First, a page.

(Note that the sometimes much lower numbers coming up in auctions are for very large projects, which are to be installed many years from now — so they are not really comparable…)

    However, if we are looking at an off-grid project with an assumed 2x overbuild, that means the generation part alone would come out at about 7 cents/kWh…

    The numbers you cite for the storage part seem even more arbitrary. Real costs are harder to estimate here though, with the market still being small and very much in flux. I believe $400/kWh sounds about right for current projects; but again, there is no reason to believe Tesla can calculate with significantly lower costs internally. On the other hand, storage prices are falling much faster than solar — so around $250/kWh in 2020 actually sounds plausible.

    Life times for Li-Ion batteries however aren’t anywhere close to 20-25 years. AFAIK Tesla promises 10 years of daily cycling for their Powerpacks — and daily cycling is what we have to assume in this application. Considering the precipitous price falls for storage projects, calculating over a longer time period doesn’t make much sense anyway…

    The storage part doesn’t have to cover all the energy used though, as the energy generated during daytime can be used directly. Still, during winter season, I’d say about 75% of the energy must be stored.

    On the other hand, I don’t see a need for the storage part to be overbuilt. For a completely off-grid system, we essentially have to assume any number of bad days in succession; which means we have to overbuild the generation part to cover even a bad day, while the storage part never needs to cover more than any single day.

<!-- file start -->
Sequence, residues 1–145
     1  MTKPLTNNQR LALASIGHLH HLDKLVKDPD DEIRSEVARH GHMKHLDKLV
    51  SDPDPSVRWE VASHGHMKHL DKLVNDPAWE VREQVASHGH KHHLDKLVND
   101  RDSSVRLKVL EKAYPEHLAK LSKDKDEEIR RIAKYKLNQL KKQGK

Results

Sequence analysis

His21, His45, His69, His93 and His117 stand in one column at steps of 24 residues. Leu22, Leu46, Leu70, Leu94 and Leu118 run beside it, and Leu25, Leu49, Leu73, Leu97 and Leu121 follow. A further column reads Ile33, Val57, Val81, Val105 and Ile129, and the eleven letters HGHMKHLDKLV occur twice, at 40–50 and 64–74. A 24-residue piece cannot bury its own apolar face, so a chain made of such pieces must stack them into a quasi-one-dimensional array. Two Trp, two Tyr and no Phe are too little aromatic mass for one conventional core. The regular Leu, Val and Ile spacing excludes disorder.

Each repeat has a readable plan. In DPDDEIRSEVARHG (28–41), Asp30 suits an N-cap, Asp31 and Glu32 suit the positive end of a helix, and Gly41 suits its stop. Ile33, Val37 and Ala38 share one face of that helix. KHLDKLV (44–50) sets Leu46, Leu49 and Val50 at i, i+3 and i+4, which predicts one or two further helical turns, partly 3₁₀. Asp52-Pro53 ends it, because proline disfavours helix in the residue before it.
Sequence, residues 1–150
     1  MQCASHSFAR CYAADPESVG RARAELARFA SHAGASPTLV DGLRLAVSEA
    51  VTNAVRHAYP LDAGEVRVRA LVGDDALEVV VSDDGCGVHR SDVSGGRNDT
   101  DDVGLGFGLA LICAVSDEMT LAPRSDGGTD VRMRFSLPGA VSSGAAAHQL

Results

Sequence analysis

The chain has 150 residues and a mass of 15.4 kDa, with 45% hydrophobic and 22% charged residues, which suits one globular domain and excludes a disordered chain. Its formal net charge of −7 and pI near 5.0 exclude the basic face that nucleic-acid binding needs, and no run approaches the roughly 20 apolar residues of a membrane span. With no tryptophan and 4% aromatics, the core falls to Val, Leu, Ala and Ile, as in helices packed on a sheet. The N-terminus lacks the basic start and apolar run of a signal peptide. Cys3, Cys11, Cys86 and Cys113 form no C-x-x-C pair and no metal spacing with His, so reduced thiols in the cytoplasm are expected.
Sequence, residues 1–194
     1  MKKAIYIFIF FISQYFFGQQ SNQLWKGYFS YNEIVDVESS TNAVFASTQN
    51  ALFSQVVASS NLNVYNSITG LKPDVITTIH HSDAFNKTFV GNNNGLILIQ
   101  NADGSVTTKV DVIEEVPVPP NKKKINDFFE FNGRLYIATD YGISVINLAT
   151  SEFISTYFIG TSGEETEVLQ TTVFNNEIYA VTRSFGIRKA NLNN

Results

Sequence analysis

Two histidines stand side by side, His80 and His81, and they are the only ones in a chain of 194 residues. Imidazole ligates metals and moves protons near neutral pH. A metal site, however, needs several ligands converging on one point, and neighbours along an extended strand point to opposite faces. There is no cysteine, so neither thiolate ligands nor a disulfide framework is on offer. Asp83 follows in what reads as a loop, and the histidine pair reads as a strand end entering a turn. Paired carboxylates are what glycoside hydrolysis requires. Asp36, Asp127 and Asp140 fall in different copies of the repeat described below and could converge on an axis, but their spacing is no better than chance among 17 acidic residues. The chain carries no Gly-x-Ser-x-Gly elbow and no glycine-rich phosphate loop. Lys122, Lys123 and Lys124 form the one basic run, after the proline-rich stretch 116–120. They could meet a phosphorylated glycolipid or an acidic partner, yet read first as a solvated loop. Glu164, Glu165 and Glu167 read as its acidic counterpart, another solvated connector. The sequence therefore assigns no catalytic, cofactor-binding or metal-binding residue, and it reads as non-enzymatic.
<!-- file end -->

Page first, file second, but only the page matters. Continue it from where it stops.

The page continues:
All in all, my estimation for the storage part alone, also comes in somewhere around 7 cents/kWh — on top of the 7 cents/kWh for the generation part.

    To add a different angle, a fairly large Tesla/SolarCity solar+storage micro-grid on Kaua’i was built in 2016 at 14 cents/kWh. Another, even larger project built by another developer at around the same time boasted 10.5 cents/kWh.

    Logistics costs for these island projects are surely higher than for mainland installations; and solar+storage costs should come down in general quite a bit by 2020. On the other hand, climate conditions for mainland projects are worse. The size of the Megacharger installations should be smaller too, i.e. costs are likely higher. What’s more, the projects I mentioned are not entirely autonomous AIUI, since they can still get back-up from other existing generation — i.e. they don’t need much overbuild. And last but not least, the size of the storage part for a Megacharger needs to be even larger than for a generic micro-grid, since it likely doesn’t benefit from a significant portion of demand taking place during daytime…

    Looking at it either way, 7 cents/kWh in 2020 for off-grid projects just doesn’t seem realistic.